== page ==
VIDA is excited to highlight San Antonio-area artists through a creative street-naming initiative that spotlights local dancers, painters, chefs, musicians, writers and more. VIDA will incorporate the names of local artists into permanent street name signage to ensure lasting recognition of each artist’s positive impact on the community.
Read on to learn more about the third round of artists selected for the next residential phase of the VIDA community, now under construction.
Street: Padron Bend
Named for: Antonio Padron, Ballroom Dancer
San Antonio native Antonio Padron is a producer and performance artist also known as Akasha Luxe. Raised on a ranch near Pleasanton, Padron didn’t begin to take dance seriously until 2009. Two key things left impressions on the South Side High School grad that year: seeing the troupe Vogue Evolution compete on the MTV series America’s Best Dance Crew and meeting friend and mentor Karma Styles at the San Antonio dance studio Street Beatz. Over the years, Padron worked together with Styles on choreography and auditioned for reality competition shows including the HBO Max series Legendary. Padron eventually became a founding member of House of Kenzo, a still-active troupe that fuses elements of vogue, avant-garde fashion and performance art.
Street: Milas Lane
Named for: Milas Williams, Chef
Milas Williams, a former gang member, was 19 when he was arrested for aggravated robbery. He served 15 of a 25-year sentence in a Texas penitentiary. Five years into his sentence, a culinary class became his salvation. Getting mentored by prominent chefs such as Chef Johnny Hernandez and Chef Brian West, Williams learned from the best and took their lessons to heart. Chef Milas Williams started the non-profit “World Lolei Inc.” along with his brother. It stands for “loyalty over liberty equals integrity.” His outreach includes helping young chefs fulfill their culinary passions and financially assisting families in need of resources.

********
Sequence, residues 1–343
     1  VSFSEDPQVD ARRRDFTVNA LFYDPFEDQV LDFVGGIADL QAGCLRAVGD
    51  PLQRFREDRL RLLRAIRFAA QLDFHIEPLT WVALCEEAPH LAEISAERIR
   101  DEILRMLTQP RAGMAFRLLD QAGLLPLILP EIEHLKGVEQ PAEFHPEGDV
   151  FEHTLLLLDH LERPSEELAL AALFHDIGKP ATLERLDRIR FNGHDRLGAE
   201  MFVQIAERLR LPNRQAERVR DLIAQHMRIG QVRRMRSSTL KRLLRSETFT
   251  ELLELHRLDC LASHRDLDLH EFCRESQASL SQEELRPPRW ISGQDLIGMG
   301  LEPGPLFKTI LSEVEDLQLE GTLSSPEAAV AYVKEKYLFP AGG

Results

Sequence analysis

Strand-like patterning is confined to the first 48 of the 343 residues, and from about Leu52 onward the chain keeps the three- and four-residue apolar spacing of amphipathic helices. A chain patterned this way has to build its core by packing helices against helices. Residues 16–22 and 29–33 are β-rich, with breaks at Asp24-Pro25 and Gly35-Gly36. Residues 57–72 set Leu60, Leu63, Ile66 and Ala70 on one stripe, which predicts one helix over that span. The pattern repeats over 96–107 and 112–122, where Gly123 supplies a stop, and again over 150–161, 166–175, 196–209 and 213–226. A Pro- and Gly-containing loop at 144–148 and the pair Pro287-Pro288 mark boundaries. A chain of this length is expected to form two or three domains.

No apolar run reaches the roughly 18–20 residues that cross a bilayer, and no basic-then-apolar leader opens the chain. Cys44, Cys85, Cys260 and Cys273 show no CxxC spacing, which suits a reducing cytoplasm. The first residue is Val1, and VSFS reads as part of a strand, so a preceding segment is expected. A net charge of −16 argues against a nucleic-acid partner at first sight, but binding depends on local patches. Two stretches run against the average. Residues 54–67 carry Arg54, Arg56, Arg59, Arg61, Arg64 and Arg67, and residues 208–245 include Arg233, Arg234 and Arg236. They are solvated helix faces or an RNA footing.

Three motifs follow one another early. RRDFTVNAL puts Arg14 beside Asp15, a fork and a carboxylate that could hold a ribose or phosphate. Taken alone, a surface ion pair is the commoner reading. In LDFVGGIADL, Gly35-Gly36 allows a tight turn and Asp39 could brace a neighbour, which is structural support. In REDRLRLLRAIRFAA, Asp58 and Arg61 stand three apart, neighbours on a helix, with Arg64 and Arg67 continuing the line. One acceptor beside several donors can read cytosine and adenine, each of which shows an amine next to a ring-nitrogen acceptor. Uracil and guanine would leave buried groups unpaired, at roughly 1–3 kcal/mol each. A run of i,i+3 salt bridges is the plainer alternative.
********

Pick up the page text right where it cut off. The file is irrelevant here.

Street: Malou Mill
Named for: Malou Flato, Artist
For the past 24 years, Malou Flato has been commissioned to produce numerous paintings and sculptures throughout Texas and in various locations throughout the United States. Six of her paintings were completed and made for San Antonio with the first being completed here in 1980. Flato also crafts sculptures and to ensure her work seems to come alive due to her specifically leaving fingerprints making it known they were handcrafted. A signature trait of her paintings is the use of Japanese paper. Using the paper’s translucent properties, she paints both sides of the canvas to help further the painting’s direction. Flato says she often makes decisions on her work from a distance, backing away and going right back in to balance the colors.
Street: Nye Pass
Named for: Naomi Shihab Nye, Writer
Naomi Shihab Nye is an award-winning writer and editor whose work has appeared widely. She was born on March 12, 1952 in St. Louis, Missouri. Her father was a Palestinian refugee and her mother an American of German and Swiss descent, and Nye spent her adolescence in both Jerusalem and San Antonio, Texas. She earned her BA in English and world religions from Trinity University.
Nye has authored numerous books of poems, most recently Cast Away: Poems for Our Time (2020). Her other books of poetry include The Tiny Journalist (2019); Voices in the Air: Poems for Listeners (2018); Transfer (2011); You and Yours (2005), which received the Isabella Gardner Poetry Award; and 19 Varieties of Gazelle: Poems of the Middle East (2002), a collection of new and selected poems about the Middle East.
Nye gives voice to her experience as an Arab American through poems about heritage and peace that overflow with a humanitarian spirit. She lives in San Antonio, Texas, with her husband, Michael, and their son, Madison.
Street: Mira Mill
Named for: Mira Hnatyshyn, Artist
San Antonio-based mixed media artist Mira Hnatyshyn explores patterns in socio-cultural development that define the female condition in contemporary and historical times. Referencing photos of women in everyday scenes, her installations are like modern simulacra, seeking to present an amplified version of realism. In the constructions of painted canvases and sculptural appendages, she aims to capture an isolated moment to reflect on its significance and record that moment into Herstory. Ultimately, she hopes to reveal a shared humanity between cultures and continue the questioning of the constraints of gender roles inherent through identity.